PORTLAND — Three Portland city councilors want to ban smoking in all city-owned parks and public spaces.
Edward Suslovic, Cheryl Leeman and Jill Duson, who sit on the Public Safety, Health and Human Services Committee, voted Tuesday night to recommend adoption of the smoking ban to the City Council. Councilor John Coyne was unable to attend the meeting.
The full council, which consists of eight councilors and Mayor Michael Brennan, will address the issue at some future date, a meeting that will likely give the public another chance for input. No one spoke against the ban at Tuesday’s committee meeting.
Douglas Gardner, director of the city’s Health and Human Services Department, said making parks and public grounds smoke-free will protect residents and visitors from exposure to secondhand smoke — classified as a carcinogen by the federal Environmental Protection Agency.
“This is not a radical departure from what we already have,” said Suslovic, who chairs the public safety committee. “It represents an incremental effort toward phasing out secondhand smoke.”
Gardner said the city’s current ordinance, which was adopted in 2008, bans smoking within 20 feet of playgrounds, beaches and outdoor athletic facilities.
He said the existing smoking ban does apply to the city-owned Riverside Golf Course, but “that said, it has not been enforced.”
“I would hope that the city enforces (the golf course smoking ban),” said Mark Riley of Olympia Street. “It’s a public facility where there should be no smoking.”
The proposal would ban smoking in 30 city parks and public spaces, all of which require a permit to hold a public function.
Among the better-known locations are the Eastern Promenade, Deering Oaks, Lincoln Park, Fort Allen Park, Monument Square, Longfellow Square, Dougherty Field and Payson Park.
Arthur Fink, who lives on Peaks Island, supports the smoking ban but wants the city to take the measure a step further.
“There is a gaping hole in what has been proposed,” said Fink. He said Casco Bay Ferry Lines has refused to prohibit smoking in its passenger terminal.
“I have to walk through a cloud of smoke every time I take the ferry,” he said.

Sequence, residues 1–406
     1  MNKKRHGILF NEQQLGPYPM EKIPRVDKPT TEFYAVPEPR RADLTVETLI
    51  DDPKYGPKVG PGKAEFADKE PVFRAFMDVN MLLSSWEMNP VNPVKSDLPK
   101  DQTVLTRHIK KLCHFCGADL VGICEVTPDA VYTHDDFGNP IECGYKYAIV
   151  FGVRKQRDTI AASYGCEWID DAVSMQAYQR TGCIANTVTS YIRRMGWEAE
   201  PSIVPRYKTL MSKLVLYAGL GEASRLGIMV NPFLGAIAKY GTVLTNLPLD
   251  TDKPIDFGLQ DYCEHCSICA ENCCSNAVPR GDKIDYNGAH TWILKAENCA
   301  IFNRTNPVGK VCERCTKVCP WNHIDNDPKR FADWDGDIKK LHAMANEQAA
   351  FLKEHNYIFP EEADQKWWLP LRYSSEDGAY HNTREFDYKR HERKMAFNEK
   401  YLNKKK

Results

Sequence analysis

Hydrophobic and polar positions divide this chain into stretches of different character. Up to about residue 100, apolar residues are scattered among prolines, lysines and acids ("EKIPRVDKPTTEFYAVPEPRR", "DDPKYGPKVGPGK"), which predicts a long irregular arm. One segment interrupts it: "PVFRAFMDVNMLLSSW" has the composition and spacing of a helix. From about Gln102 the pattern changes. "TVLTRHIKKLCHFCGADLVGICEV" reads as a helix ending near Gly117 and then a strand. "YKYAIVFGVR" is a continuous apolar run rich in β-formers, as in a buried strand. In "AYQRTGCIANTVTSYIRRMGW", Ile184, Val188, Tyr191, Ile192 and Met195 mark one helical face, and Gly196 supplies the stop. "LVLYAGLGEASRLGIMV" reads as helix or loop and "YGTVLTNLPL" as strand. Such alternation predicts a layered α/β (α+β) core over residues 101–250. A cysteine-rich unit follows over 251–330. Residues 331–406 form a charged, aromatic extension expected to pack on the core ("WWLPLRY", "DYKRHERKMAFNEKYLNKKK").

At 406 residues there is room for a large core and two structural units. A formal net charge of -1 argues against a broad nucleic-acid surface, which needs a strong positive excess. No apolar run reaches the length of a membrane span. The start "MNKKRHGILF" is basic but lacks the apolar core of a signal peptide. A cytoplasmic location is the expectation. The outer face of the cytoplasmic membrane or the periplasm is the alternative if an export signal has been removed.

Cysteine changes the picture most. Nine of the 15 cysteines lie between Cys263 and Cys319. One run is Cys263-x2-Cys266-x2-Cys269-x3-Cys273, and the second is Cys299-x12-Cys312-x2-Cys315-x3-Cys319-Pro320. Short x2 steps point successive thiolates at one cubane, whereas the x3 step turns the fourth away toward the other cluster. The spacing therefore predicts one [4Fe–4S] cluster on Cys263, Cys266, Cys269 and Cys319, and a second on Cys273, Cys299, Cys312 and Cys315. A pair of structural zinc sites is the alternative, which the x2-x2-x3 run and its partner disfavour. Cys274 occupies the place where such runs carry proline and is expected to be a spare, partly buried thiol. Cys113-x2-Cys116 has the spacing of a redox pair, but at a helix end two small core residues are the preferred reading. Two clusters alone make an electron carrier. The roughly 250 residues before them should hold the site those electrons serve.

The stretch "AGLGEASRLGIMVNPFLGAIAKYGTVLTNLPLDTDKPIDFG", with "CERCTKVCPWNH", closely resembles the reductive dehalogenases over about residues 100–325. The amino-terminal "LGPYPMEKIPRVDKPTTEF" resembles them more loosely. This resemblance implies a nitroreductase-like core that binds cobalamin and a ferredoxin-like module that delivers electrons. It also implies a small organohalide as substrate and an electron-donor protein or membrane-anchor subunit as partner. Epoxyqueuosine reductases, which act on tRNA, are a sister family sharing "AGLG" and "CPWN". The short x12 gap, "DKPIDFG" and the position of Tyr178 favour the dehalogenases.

Councilor Duson said she agrees with Fink and that the city will investigate what can be done to prohibit smoking at the terminal – the gateway to several island communities in Casco Bay.
In other business, the committee could not agree on proposed rules that would regulate street artists, such as people who perform or who sell creative products such as paintings or photos. The proposed regulations will be discussed at the committee’s Feb. 12 meeting.
The rules, developed by a panel of citizens, would require all street artists to register with the city at no cost.
In addition to registration, the city would ban artists from using Bell Buoy Park near where cruise ship passengers disembark.
The city also wants to prohibit artists from using sidewalks that are less than 8 feet wide and prevent them from operating within 10 feet of retail or non-food-related establishments.
Leeman said she has some reservations about the proposal.
“To me it’s part of the fun and excitement for cruise ship passengers,” she said, referring to Bell Buoy Park. “If you apply all these rules, it doesn’t leave a lot of places for artists to perform.”
Several street artists spoke against the proposed rules, which city officials say were designed to balance artists’ rights with those of business owners.
“These rules would make it impossible for street artists to set up in Portland,” said Abbeth Russell, a Portland artist. “For a city that has an area designated as the arts district, this seems contradictory. We should be supporting artists. This would kill the vibrancy and excitement of Portland.”
Staff Writer Dennis Hoey can be contacted at 791-6365 or at: